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15/11/2017

Congratulations to Scotland

Eurocare would like to extend our congratulations to our members Alcohol Focus Scotland and Scottish Health Action on Alcohol Problems (SHAAP)

Alcohol Focus Scotland's response available here:
http://www.alcohol-focus-scotland.org.uk/news/minimum-pricing-gets-green-light/

Please find SHAAP's press release below:

The Scottish medical professions are celebrating today’s decision by the UK Supreme Court which clears the way for the implementation of the Scottish Government’s Alcohol (Minimum Pricing) (Scotland) Act 2012 early next year, which sets a minimum unit price of 50 pence per unit for alcohol.

The Supreme Court’s decision brings to an end the costly and time-consuming legal challenges by global alcohol producers, fronted by the Scotch Whisky Association (SWA), to try to block the implementation of the legislation, which was passed without opposition by the Scottish Parliament in 2012. The legal battle has included a referral to the European Court of Justice, which returned the decision-making to the Scottish Courts, which twice concluded resoundingly in favour of the Scottish Government’s Act. The Supreme Court judges’ ruling gives the go-ahead for implementation of the policy early in 2018.

Scottish Health Action on Alcohol Problems (SHAAP) was established in 2006 as a partnership of the Scottish Medical Royal Colleges, concerned about the growing number of hospitalisations and deaths due to alcohol consumption in Scotland. In 2007, SHAAP and its partners made one of the first public calls for action to introduce MUP to tackle the problem of cheap alcohol that was doing most damage to the most vulnerable drinkers and their families.

In its Global Strategy to Reduce the Harmful Use of Alcohol (2010), the World Health Organization signalled MUP as a policy ‘Best Buy’ to tackle and reduce alcohol-related harms, including hospitalisations, deaths and harm to others.

In the five years that the implementation of the Scottish MUP law has been delayed, more than 6,000 heavy drinkers have died due to their alcohol use. According to the National Records of Scotland, in 2016, there were 1,265 alcohol-related deaths, an increase of ten per cent from the previous year.

Harmful and hazardous drinkers are mainly reliant on cheap vodka and white cider, the products that will increase in price most with MUP. According to Health Economists at the University of Sheffield, setting MUP at 50 pence in Scotland is likely to lead to 117 fewer alcohol-related deaths per year among hazardous and harmful drinkers. Opinion polls have consistently shown that the MUP policy is supported by a majority of Scots, and by almost all doctors and health professionals.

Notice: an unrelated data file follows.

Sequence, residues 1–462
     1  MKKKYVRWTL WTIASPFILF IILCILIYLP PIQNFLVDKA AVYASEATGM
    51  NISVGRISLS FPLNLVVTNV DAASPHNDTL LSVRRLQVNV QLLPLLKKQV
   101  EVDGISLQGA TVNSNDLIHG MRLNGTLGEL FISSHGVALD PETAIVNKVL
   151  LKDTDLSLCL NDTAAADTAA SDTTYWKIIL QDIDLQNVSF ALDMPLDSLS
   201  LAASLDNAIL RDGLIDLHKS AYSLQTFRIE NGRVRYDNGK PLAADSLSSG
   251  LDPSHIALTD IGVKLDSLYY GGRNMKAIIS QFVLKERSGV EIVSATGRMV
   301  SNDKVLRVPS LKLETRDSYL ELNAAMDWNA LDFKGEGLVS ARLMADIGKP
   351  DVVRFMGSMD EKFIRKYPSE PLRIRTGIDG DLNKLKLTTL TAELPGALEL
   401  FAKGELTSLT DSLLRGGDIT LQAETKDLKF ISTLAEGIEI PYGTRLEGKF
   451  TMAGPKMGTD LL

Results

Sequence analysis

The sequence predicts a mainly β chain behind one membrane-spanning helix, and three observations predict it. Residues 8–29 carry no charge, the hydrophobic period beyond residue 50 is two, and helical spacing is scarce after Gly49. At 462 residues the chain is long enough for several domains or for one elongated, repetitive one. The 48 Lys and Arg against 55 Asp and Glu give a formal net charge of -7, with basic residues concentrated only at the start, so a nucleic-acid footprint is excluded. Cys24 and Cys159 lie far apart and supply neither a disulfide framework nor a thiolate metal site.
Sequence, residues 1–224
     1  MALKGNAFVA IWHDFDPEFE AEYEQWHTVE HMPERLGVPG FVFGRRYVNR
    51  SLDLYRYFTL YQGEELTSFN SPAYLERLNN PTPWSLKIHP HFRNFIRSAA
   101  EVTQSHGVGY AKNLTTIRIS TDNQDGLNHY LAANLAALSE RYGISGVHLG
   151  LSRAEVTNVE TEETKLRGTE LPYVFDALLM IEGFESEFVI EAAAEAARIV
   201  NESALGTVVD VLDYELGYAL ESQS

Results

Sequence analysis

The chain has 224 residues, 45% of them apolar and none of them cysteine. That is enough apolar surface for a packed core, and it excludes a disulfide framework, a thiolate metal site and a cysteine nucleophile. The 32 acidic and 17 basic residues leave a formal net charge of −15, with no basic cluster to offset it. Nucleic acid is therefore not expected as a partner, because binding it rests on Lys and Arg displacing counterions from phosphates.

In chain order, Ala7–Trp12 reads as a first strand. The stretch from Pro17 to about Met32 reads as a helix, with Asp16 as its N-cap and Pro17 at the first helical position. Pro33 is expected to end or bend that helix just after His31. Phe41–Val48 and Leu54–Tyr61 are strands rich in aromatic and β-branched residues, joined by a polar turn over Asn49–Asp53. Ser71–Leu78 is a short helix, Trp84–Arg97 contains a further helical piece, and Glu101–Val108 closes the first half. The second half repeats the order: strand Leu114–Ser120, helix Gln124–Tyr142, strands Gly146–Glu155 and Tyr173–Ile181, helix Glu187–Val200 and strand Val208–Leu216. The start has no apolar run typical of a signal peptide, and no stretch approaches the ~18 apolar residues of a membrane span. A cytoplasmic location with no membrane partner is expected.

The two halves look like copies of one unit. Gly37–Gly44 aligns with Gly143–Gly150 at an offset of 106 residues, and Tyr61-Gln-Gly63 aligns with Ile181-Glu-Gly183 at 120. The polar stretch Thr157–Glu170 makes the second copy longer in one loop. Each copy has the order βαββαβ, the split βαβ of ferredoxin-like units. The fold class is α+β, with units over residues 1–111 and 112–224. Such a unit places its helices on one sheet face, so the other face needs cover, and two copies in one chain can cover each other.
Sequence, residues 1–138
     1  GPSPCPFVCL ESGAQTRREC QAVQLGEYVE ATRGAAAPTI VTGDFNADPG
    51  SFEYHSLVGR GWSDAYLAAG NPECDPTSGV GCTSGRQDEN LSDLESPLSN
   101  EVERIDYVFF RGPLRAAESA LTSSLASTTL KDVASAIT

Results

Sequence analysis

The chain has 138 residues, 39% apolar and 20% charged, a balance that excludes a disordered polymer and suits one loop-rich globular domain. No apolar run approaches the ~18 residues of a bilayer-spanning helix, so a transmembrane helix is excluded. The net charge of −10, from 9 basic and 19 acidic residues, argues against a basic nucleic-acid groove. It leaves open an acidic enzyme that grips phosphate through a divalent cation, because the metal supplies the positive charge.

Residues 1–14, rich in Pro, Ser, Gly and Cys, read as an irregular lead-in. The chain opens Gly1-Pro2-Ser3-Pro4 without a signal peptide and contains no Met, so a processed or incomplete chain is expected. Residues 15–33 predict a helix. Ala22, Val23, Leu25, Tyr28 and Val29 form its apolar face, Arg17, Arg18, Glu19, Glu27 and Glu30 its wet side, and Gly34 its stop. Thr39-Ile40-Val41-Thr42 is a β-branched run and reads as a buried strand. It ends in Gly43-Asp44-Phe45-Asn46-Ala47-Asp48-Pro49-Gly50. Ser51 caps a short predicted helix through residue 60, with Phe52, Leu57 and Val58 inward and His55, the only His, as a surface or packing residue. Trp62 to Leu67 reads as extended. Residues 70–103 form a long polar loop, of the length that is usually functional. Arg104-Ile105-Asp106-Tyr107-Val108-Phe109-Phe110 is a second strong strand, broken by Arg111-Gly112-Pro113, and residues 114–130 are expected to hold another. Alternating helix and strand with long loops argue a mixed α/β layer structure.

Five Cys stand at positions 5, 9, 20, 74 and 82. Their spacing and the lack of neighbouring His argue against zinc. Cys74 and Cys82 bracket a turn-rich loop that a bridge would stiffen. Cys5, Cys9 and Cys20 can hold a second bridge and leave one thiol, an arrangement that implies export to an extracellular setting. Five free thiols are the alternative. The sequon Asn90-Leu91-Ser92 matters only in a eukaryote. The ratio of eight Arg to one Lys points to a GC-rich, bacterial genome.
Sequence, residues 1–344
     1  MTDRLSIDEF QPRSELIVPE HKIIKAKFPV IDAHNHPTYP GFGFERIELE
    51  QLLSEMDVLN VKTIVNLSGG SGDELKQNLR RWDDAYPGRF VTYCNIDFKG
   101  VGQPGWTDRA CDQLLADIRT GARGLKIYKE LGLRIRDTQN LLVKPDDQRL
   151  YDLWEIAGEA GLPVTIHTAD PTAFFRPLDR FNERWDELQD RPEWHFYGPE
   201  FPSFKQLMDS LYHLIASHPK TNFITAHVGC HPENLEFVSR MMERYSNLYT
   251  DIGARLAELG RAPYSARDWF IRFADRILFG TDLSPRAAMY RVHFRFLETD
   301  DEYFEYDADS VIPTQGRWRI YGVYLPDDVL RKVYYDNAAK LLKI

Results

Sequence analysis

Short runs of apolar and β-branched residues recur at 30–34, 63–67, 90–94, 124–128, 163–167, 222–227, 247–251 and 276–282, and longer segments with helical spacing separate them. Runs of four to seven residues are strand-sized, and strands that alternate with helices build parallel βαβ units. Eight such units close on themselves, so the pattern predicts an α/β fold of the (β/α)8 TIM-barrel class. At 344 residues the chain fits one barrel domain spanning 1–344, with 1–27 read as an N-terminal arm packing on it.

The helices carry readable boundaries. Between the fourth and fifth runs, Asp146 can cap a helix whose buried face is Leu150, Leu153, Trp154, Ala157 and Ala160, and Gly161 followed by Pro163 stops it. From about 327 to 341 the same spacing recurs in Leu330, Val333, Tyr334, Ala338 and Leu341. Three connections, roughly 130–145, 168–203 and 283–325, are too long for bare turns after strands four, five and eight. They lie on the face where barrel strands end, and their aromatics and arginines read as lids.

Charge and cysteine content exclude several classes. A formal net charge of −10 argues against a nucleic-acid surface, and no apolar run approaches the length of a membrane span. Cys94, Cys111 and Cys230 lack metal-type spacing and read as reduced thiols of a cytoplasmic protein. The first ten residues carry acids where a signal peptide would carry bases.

Dr Eric Carlin, Director of Scottish Health Action on Alcohol Problems (SHAAP), said:

“At long last this important life-saving measure can be enacted. I am grateful to the Scottish Government, and the First Minister in particular, as well as partners across the health and voluntary sectors in the UK and Europe, for championing MUP, against ferocious, cynical opposition by the Scotch Whisky Association and its backers.

“The opponents to MUP have shamed the reputation of their industry by prioritising profits over people’s lives. As MUP has been delayed, we have seen the tragic, premature deaths of 24 people every week in Scotland as a result of alcohol misuse, many of them in our poorest communities, and affecting families across our nation. I strongly urge the global alcohol producers to now cease their activities to undermine public health in pursuit of profit here and across the globe.

“I look forward to MUP coming into effect as part of a refreshed package of measures to reduce alcohol-related harm in Scotland. Hopefully, the other nations of the United Kingdom will also implement similar policies.”

Dr Peter Rice, Chair of Scottish Health Action on Alcohol Problems (SHAAP) said:

“This is great news for the health and well-being of people in Scotland. Frontline staff from health and other sectors see the damage caused by alcohol on a daily basis. This harm is disproportionately caused by the cheapest alcohol which Minimum Unit Pricing will remove.

“The scientific and clinical evidence supporting Minimum Pricing assembled by SHAAP and others has stood up against a rigorous analysis over a series of legal challenges led by the Scotch Whisky Association and it has been dispiriting to see them place their self-interest ahead of the public good over the five years since the Scottish Parliament passed this law. We look forward to the swift implementation of this life-saving measure”.

For further information please contact: Dr Eric Carlin, Director, SHAAP shaap.director@rcpe.ac.uk 0131 247 3667, 0131 247 3665 and 0750 508 1784.

Notes

  1. Based at the Royal College of Physicians of Edinburgh, Scottish Health Action on Alcohol Problems (SHAAP) provides the authoritative medical and clinical voice on the need to reduce the impact of alcohol related harm on the health and wellbeing of people in Scotland and the evidence-based approaches to achieve this.
  2. For comment and interview on Wednesday 15 November – please contact 0131 247 3665, 0131 247 3665 and 0750 508 1784 or shaap.director@rcpe.ac.uk